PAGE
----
If You're An Animal Lover, Lena Dunham's Post About Her Dog Will Slay You

Brace yourselves, because this story's emotional — especially if you love your furry friends just as much (or more than) people.
If you follow Lena Dunham's Instagram page, you may have noticed that her adorable dog, Lamby, hasn't made an appearance lately. Well, this week, Dunham posted a heartbreaking, yet totally inspiring, explanation for his social media absence.

A post shared by Lena Dunham (@lenadunham) on

"I feel I have to share that last March, after four years of challenging behavior and aggression that could not be treated with training or medication or consistent loving dog ownership, Lamby went to live at an amazing professional facility in Los Angeles @matt_thezendog where an awesome person named @therealdanishay (who is educated in a rescue dog's specific trauma) loves him so hard," she captioned a photo of her with Lamby.
She continued: "Lamby suffered terrible abuse as a pup that made having him in a typical home environment dangerous to him and others — we needed to be responsible to ourselves, our neighbors and especially our beloved boy. Jack and I will miss him forever but sometimes when you love something you have to let it go (especially when it requires tetanus shots and stitches.)"
Giving up a pet, even with the best intentions, is never easy. Studies have shown that while there are great mental and emotional benefits of pet ownership, losing a pet can affect people in the same way as losing another person.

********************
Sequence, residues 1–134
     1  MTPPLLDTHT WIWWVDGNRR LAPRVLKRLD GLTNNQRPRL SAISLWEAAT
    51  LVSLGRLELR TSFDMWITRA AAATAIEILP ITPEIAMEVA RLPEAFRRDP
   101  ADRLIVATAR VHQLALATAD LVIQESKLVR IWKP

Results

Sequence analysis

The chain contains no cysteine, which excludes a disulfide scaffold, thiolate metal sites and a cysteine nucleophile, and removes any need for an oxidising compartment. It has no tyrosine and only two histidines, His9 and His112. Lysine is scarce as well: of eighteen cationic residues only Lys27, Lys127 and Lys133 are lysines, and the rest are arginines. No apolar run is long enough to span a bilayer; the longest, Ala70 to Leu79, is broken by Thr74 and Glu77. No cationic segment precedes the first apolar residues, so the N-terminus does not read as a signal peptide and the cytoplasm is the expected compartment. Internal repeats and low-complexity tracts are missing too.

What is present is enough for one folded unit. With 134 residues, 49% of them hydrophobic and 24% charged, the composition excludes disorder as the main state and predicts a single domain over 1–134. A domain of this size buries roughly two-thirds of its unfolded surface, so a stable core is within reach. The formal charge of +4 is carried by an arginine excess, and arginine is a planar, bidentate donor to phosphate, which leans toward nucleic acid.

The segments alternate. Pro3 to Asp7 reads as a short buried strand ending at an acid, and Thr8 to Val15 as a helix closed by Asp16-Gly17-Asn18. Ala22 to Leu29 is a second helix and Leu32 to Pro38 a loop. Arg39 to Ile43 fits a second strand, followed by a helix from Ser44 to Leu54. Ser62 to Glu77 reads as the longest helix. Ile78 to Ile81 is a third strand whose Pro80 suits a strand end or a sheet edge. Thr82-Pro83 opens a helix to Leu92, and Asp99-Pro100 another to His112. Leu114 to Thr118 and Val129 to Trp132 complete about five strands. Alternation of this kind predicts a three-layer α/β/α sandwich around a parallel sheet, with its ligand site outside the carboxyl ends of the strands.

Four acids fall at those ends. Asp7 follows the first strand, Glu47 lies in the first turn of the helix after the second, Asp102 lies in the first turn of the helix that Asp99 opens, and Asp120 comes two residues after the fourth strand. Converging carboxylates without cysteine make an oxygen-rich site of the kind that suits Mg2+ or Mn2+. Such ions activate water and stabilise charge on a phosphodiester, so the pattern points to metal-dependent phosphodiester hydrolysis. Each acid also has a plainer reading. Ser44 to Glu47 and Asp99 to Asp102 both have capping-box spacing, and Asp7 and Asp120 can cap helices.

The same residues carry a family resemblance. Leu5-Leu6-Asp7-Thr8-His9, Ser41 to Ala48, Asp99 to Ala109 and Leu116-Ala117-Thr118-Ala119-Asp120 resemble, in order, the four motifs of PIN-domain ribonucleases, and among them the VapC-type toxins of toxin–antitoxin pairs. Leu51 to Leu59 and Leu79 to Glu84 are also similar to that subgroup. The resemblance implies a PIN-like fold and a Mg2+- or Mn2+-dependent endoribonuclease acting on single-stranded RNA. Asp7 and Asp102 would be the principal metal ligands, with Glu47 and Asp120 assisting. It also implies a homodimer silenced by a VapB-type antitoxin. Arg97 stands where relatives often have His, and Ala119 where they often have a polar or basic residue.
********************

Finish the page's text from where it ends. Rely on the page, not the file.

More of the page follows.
"Someday I'll really write about the pain and relief of letting Lamby go off and really be Lamby, biting and peeing in his own mouth and all," Dunham's post continued. "There were so many lessons in it, about forgiving myself and loving with an open palm and giving in to a larger plan...Susan & Karen will never be my first loves, but they are fuzzy and hilarious stuffing for the hole Lamby left and we cherish them deeply."
Dunham concluded her post with a helpful reminder that there are a number of resources available for people who, like her, need to find a better environment for a pet.
"If you have a similar situation, please know it's possible to responsibly re-home your rescue rather than sending them back into the shelter system," she wrote. "It can require patience, diligence and often a financial contribution but there are solutions that leave everyone happy and safe. You will always have been your dog's first stop outside shelter life and that's beautiful."
Wishing both Dunham and Lamby happiness and healing.

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